To be effective in the therapeutic situations described above, the Lactobacillus species should be efficiently implanted in the intestine following oral administration. This requires that the cells survive the rigors of preparation in dosage forms, storage and passage through the acidic gastric environment. On reaching the intestine, these cells should be able to establish themselves, remain viable, carry on their normal metabolic activities and proliferate extensively to perform their antagonistic functions against pathogens, for prolonged periods of time.
L. acidophilus has been the probiotic of choice for several years. However, the effectiveness of treatment with this species is uncertain. Although standards for L. acidophilus are established in the USA, it has been reported that such preparations contain less than 1000 cells of viable bacteria against claims of billions. Besides, some probiotic supplements claiming to have viable cells of L. acidophilus present in large numbers have only very low numbers and others that claim to have one species of Lactobacillus, have a totally different species.
The evidence for the effectiveness of L. acidophilus probiotics as antidiarrheal agents is not convincing. Attempts at administration of L. acidophilus preparations as a prophylactic against infantile diarrhea have proven unsuccessful.
Quoting from a US Expert Panel report:
" In the past 60 years, well over 200 papers have reported on the use of Lactobacillus acidophilus and other Lactobacillus organisms in the treatment of diarrhea. Despite the proliferation of studies, the very few controlled studies often show lack of effectiveness."
The unsuccessful record of L. acidophilus and other lactobacilli in this context could be due to their failure to implant themselves in the intestine and proliferate sufficiently to perform their healthful activities. Another important factor against L. acidophilus as a probiotic is that its cells do not survive spray drying. The freeze-dried cultures have to be stored under refrigeration and do not retain viability under normal conditions. According to Black, the survivability in low pH and bile of the gastrointestinal tract, moisture, high temperature and oxygen, are all parameters with lethal effects on lyophilized L. acidophilus .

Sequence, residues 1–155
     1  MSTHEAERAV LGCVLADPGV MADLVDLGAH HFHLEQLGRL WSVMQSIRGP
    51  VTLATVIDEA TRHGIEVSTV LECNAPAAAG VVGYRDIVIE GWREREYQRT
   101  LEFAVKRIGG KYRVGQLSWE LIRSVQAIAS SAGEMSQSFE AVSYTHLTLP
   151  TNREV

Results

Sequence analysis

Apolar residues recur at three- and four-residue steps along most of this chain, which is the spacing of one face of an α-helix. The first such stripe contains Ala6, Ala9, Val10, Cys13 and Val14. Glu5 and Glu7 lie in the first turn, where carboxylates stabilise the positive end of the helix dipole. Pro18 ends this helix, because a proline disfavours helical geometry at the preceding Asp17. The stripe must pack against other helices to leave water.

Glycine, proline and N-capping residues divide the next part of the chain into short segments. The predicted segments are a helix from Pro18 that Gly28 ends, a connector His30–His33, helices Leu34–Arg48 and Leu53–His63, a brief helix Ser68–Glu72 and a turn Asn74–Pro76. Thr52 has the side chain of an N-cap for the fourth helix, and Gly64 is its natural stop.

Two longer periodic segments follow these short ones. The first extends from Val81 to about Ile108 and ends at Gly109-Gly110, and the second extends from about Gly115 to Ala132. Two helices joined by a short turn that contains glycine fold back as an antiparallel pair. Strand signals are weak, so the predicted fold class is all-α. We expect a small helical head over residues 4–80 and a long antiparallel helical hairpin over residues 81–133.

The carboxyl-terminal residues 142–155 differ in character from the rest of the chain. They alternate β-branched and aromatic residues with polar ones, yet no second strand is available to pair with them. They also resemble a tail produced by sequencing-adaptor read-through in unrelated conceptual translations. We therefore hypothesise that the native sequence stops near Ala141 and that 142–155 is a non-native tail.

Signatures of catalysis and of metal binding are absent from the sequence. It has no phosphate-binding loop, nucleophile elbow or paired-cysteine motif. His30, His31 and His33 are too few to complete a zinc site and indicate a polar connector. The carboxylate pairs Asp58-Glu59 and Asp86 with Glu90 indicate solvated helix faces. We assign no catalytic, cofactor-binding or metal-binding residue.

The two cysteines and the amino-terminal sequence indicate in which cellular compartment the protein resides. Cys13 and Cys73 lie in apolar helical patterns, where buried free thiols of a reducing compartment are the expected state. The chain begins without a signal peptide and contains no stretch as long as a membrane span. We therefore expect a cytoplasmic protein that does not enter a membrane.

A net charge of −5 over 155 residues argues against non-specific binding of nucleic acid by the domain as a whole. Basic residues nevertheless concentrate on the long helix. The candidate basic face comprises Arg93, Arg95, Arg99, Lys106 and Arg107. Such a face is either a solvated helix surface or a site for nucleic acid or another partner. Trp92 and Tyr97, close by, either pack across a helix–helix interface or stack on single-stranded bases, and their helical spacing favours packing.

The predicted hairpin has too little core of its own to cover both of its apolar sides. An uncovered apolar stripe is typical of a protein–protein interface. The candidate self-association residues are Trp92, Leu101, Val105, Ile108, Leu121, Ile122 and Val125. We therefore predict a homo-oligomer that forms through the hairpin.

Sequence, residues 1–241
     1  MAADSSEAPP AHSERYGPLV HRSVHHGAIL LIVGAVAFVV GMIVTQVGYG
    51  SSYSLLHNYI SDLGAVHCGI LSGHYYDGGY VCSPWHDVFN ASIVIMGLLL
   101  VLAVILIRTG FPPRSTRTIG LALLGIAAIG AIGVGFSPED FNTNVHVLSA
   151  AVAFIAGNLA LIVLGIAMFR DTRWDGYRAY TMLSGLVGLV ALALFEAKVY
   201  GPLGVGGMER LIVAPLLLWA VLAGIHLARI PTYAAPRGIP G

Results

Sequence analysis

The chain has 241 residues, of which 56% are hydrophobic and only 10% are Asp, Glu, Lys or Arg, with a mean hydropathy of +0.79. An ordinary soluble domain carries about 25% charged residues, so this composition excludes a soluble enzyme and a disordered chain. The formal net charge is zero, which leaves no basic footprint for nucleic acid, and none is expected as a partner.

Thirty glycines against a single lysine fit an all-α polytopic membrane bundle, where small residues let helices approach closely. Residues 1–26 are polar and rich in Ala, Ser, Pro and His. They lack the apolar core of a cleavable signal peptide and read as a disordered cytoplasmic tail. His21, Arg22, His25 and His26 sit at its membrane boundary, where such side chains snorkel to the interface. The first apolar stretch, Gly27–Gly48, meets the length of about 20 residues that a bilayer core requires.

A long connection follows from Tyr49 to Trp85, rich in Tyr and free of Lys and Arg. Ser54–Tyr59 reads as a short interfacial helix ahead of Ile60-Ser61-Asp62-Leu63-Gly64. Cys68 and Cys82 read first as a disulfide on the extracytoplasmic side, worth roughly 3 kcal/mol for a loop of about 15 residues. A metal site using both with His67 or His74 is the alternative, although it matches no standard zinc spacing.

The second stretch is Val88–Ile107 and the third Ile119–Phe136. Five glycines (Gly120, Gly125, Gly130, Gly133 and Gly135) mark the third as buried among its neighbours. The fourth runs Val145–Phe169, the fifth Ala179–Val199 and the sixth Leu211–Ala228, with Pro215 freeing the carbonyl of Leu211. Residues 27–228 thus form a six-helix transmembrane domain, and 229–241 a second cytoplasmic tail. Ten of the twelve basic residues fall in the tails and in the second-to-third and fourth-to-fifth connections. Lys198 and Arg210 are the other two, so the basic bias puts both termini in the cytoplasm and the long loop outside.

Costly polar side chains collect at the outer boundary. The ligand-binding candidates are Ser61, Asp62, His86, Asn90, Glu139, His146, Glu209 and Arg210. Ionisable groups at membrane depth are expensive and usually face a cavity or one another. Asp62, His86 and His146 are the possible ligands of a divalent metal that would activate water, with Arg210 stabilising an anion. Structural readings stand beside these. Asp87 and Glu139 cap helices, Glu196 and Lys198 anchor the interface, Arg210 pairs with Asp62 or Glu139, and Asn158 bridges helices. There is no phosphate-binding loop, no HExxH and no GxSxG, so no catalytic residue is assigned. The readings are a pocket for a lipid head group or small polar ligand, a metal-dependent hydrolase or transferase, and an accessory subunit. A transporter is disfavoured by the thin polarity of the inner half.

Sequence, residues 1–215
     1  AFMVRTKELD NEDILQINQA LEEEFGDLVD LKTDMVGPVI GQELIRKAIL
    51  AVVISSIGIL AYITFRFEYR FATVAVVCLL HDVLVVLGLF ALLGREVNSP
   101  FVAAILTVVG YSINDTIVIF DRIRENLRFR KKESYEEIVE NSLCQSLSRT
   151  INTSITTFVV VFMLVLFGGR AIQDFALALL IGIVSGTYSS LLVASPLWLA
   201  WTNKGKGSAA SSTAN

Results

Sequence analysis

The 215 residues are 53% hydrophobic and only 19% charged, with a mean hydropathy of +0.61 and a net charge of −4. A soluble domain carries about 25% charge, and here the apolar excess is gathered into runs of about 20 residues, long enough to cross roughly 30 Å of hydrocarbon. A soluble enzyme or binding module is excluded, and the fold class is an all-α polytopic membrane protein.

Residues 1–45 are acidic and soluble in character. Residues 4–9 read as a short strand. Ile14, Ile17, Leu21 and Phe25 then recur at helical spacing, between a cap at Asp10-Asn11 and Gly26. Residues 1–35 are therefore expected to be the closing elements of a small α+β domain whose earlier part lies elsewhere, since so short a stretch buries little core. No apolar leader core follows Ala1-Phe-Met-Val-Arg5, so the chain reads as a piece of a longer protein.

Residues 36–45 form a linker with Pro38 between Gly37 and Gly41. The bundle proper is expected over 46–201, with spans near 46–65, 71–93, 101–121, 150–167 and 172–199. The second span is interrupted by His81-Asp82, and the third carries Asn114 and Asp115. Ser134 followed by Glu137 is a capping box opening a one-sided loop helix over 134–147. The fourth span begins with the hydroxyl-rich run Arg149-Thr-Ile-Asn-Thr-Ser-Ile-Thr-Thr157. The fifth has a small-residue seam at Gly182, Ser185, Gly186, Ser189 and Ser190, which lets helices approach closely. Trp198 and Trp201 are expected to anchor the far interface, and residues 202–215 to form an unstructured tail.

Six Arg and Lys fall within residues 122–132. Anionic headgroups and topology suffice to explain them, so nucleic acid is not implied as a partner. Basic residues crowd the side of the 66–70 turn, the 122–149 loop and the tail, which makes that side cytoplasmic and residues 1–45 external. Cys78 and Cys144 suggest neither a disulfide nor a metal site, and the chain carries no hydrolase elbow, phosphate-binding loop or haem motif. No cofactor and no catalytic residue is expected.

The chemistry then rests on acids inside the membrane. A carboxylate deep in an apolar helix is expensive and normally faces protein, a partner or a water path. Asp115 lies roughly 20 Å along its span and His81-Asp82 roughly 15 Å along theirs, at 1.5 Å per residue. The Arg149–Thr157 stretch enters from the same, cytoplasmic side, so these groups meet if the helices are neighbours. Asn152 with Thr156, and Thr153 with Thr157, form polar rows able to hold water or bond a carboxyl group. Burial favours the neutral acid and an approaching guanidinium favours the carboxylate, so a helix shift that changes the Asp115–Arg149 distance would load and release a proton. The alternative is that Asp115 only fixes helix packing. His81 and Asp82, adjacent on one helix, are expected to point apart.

The search for an effective lactic acid bacterial species for use as a probiotic has included clinical trials with the commonly used lactobacilli in addition to L. acidophilus. These include: L. bifidus, L. casei, L.brevis sub species coagulans, L.bulgaricus and S. faecalis. However, none of these cultures have provided consistently successful results.
The alternatives are:
Alternative 1 is as yet unavailable. The second alternative favors the use of B. coagulans as a probiotic. B. coagulans spores are stable to heat, acids, bile and other deleterious chemicals. Negligible falls in viable counts were observed experimentally at 40° C and a relative humidity of 80% for two months, when heated with water at 60 to 90° C for 30 minutes and when tested at pH of 2 for varying durations.